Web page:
Commuting: Boardman Backs Manchester Plan

Commuting: Boardman Backs Manchester Plan


The bid to get more people on bikes in Greater Manchester has been backed by Chris Boardman MBE. has a £4.9 million plan to improve services and facilities for commuters using bikes to get to work.

The money, from the government’s Local Sustainable Transport Fund, will provide more than 1,000 secure cycle parking spaces at a series of new cycle centres across Greater Manchester.

The first centres are due to open next year and will be places where commuters can have access to secure storage for their bikes and gear and shower and change before work.

Alongside this, a programme of local cycle information and training will also be offered to break through the barriers that currently hold people back from commuting by bike.

Chris Boardman said:

“Cycling is becoming more popular not just as a sport but as a simple means of getting about and there’s a real sense that attitudes and perceptions are beginning to change.

“But there’s still a long way to go, and a lot more work to be done, before people are able to make cycling their preferred choice.

“There is not just one reason why more people might not want to go by bike so all the initiatives in the programme will help in some way, getting more and more people onto their bikes when making that daily commute. This is in line with one of British Cycling’s over-arching aims of getting more people riding their bikes more often. I'm particularly pleased this initiative is being launched in the home town of the Great Britain Cycling Team."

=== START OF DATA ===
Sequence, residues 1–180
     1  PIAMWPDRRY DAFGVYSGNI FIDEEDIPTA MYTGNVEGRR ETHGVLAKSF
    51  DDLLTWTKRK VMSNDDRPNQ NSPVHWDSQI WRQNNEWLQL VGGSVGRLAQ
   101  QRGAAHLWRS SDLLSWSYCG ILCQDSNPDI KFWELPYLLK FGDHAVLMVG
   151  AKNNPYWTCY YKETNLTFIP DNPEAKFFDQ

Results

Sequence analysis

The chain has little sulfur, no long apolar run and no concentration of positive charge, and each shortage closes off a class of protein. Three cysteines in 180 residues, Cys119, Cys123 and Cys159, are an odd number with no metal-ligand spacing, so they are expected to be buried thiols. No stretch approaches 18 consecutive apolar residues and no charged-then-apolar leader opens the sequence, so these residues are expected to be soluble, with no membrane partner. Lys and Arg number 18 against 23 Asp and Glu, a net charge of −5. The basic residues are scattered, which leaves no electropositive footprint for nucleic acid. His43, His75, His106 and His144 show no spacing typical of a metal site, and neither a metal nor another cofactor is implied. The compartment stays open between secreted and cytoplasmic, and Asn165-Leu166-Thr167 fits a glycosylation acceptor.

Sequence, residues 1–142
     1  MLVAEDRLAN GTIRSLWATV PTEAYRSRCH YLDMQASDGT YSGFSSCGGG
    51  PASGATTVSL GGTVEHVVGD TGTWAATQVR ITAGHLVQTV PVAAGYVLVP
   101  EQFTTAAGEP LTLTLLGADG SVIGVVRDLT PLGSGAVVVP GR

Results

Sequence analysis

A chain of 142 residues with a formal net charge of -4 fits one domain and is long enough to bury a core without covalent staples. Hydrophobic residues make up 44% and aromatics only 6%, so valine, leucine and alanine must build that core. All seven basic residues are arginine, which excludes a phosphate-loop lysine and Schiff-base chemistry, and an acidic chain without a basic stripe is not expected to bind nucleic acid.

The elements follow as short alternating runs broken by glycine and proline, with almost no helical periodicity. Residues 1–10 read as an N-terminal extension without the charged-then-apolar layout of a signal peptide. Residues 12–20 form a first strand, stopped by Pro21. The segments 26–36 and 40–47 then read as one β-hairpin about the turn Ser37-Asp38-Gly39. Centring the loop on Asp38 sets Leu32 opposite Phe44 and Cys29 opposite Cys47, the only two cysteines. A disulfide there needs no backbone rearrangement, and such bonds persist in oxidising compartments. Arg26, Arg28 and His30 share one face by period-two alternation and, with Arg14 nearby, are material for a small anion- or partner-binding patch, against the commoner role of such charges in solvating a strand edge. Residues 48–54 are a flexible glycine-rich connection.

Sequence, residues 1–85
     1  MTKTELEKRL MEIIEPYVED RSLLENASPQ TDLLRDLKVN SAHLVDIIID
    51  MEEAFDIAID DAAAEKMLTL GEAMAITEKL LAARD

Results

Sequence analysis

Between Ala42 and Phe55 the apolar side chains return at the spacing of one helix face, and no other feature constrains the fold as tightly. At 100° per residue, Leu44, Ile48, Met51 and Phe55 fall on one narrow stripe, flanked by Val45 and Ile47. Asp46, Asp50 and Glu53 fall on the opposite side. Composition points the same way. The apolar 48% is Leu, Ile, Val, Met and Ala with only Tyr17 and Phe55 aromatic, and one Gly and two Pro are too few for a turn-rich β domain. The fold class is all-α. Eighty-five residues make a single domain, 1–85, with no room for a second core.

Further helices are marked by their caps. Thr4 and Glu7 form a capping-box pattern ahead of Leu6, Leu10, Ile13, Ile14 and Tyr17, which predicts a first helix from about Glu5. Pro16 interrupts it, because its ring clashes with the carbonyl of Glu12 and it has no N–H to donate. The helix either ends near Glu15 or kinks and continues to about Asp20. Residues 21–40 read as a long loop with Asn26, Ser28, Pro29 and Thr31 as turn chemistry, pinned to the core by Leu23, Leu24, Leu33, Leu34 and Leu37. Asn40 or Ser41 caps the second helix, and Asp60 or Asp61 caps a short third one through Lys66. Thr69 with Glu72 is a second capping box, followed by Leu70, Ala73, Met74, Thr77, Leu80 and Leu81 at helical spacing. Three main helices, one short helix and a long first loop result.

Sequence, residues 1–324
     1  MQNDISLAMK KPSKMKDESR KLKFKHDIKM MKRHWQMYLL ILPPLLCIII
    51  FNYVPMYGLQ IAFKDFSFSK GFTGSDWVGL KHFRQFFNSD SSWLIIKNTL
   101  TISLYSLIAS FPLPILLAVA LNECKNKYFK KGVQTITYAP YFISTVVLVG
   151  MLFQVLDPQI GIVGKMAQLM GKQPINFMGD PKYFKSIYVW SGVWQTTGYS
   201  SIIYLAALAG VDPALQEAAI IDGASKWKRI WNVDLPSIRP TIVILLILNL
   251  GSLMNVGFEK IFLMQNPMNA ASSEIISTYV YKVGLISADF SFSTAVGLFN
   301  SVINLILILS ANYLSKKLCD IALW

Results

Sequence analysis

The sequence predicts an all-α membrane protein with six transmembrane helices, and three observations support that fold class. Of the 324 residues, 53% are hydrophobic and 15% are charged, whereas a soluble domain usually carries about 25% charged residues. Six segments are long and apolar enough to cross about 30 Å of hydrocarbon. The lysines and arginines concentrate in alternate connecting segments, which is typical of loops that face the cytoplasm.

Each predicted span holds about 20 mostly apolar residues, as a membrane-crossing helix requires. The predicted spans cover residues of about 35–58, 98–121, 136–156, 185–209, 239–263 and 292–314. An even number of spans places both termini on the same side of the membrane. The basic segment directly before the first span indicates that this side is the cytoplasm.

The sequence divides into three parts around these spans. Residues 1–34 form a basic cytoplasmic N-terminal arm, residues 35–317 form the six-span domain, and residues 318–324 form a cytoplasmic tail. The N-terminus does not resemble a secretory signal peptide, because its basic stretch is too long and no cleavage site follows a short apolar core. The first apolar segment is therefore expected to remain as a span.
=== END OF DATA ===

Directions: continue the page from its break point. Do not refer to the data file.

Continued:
Chris was speaking at TfGM’s Piccadilly Place head office where he was on hand to support employees taking part in a fund-raising virtual bike ride from Manchester to London, using the same static training bikes used by British Cycling athletes.

The ride, in aid of Children in Need, will use relay teams to complete 15-minute sessions on the bikes throughout the day. The aim is to show how short, commuter-type journeys can accumulate to make a real difference.

Transport for Greater Manchester wants to encourage people to include “active travel” – cycling and walking – in their choices for getting around.

In July this year it successfully bid for a £4.9 million package of funding to deliver a range of improvements around cycling facilities and services.

As well as the cycle centres, other elements of the package include road skills for cyclists, bike maintenance “courses”, online resources and help for commuters to find a cycle-friendly route to work.

A specific “Bike Back to Work” scheme will also be launched, reflecting the importance of helping more local people to get back into work, and also offering people looking to find work the chance to borrow a bike for a trial period to help extend the distance that they can travel to a job.

Looking ahead TfGM will be submitting a further bid to government in December seeking funding to help introduce more cycle routes adding to the range of facilities provided to encourage more cycling.